I am proud of the men my sons they are becoming, but I miss the everyday face-to-face contact with them. I miss the herds of boys that accompanied Thomas…if Thomas was home, so were fourteen of his buddies, each saying, “Hi, Mom” as they entered the front door and headed for the basement “pit“ where they all hung out. I miss the sound of Lucas on his guitar and being invited to listen to a new song he wrote, which would almost always draw tears of pride. I miss the long talks we had that would end with him pointing out just how un-cool I really was, just like I will miss Cole’s bear hugs, his 3:00 a.m. alarms as he prepares for a hunt, and his pleas for one more piece of hunting gear, one that will ensure he is the biggest and baddest of them all. I will miss walking into the living room and seeing him buried in the sea of notebooks as he prepares to coach another little league or grid kid team.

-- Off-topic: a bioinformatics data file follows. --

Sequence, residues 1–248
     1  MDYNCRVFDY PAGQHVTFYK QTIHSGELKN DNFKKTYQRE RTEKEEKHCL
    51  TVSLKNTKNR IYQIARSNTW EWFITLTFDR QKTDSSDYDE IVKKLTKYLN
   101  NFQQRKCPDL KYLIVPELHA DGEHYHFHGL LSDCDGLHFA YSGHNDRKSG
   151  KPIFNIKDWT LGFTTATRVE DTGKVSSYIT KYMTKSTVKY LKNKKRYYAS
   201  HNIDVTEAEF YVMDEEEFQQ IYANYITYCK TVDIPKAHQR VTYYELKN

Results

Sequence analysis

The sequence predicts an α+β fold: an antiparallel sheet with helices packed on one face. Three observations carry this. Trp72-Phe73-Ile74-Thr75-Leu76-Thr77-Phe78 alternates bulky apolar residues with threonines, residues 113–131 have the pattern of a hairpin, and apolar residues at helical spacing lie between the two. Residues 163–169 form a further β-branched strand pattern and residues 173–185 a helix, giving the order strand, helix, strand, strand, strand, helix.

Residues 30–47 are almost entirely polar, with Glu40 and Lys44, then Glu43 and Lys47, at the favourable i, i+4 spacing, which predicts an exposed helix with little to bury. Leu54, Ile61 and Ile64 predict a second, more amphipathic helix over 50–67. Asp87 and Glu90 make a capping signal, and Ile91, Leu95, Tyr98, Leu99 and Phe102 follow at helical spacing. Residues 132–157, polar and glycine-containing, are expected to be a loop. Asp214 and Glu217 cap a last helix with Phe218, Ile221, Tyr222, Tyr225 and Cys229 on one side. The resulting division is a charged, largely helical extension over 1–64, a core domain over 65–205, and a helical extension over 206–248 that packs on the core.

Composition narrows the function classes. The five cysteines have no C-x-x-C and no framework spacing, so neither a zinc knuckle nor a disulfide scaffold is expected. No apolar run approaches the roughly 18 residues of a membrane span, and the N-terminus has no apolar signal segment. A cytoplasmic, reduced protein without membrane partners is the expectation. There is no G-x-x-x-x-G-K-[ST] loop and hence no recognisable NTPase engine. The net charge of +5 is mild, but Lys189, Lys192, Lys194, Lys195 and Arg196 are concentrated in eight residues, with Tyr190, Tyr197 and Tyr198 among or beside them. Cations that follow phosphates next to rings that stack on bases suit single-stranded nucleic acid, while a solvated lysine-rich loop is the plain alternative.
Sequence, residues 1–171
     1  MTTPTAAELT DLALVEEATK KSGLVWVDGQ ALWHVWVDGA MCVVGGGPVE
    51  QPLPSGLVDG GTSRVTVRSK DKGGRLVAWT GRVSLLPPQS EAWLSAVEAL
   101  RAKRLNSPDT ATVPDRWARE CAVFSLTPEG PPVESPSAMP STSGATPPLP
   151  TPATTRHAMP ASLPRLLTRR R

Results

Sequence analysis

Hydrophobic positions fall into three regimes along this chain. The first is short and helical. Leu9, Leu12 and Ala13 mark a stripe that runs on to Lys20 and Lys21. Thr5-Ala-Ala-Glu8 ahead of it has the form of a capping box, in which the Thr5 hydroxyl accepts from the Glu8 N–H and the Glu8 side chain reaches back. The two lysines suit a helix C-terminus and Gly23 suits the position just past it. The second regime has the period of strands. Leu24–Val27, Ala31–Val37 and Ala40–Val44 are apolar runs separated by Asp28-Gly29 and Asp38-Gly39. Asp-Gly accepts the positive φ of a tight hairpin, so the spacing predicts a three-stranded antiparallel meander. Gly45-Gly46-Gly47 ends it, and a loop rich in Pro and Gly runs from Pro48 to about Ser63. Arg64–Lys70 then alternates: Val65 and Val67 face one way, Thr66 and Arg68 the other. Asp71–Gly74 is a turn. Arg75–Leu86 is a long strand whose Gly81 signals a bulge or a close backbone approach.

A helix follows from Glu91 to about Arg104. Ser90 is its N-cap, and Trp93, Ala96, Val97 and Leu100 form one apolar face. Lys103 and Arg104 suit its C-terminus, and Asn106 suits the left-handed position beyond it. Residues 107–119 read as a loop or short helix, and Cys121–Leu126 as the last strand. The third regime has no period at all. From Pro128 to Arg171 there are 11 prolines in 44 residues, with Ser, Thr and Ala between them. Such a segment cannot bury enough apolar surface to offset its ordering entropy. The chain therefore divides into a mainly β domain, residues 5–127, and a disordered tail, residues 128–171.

I know that I must do what we all must do, which is busy ourselves with the tasks at hand. I am grateful to my farmgirl group here in Prosser. When they heard the alarm of spring, they jumped up and welcomed it with open arms. In a recent meeting they event organized a seed and plant swap, giving me a jumpstart on preparing the yard for an upcoming celebration.
As I walked around my yard today, I was invigorated to see some of my old friends returning. My Cherry Plum tree is in full pink blossom; my strawberries and raspberries are showing new life. But it is my sweet little apricot tree, the one “Old Man Winter” has hit three times in the last three years with a late frost, that has encouraged me the most. Even it greeted the season with optimism.
During my stroll through my yard, I even stopped to say hi to my yellow climbing roses that I planted in memory of my mom and grandma. As I pulled away some weeds at their base, I heard myself say, “Another one is leaving.”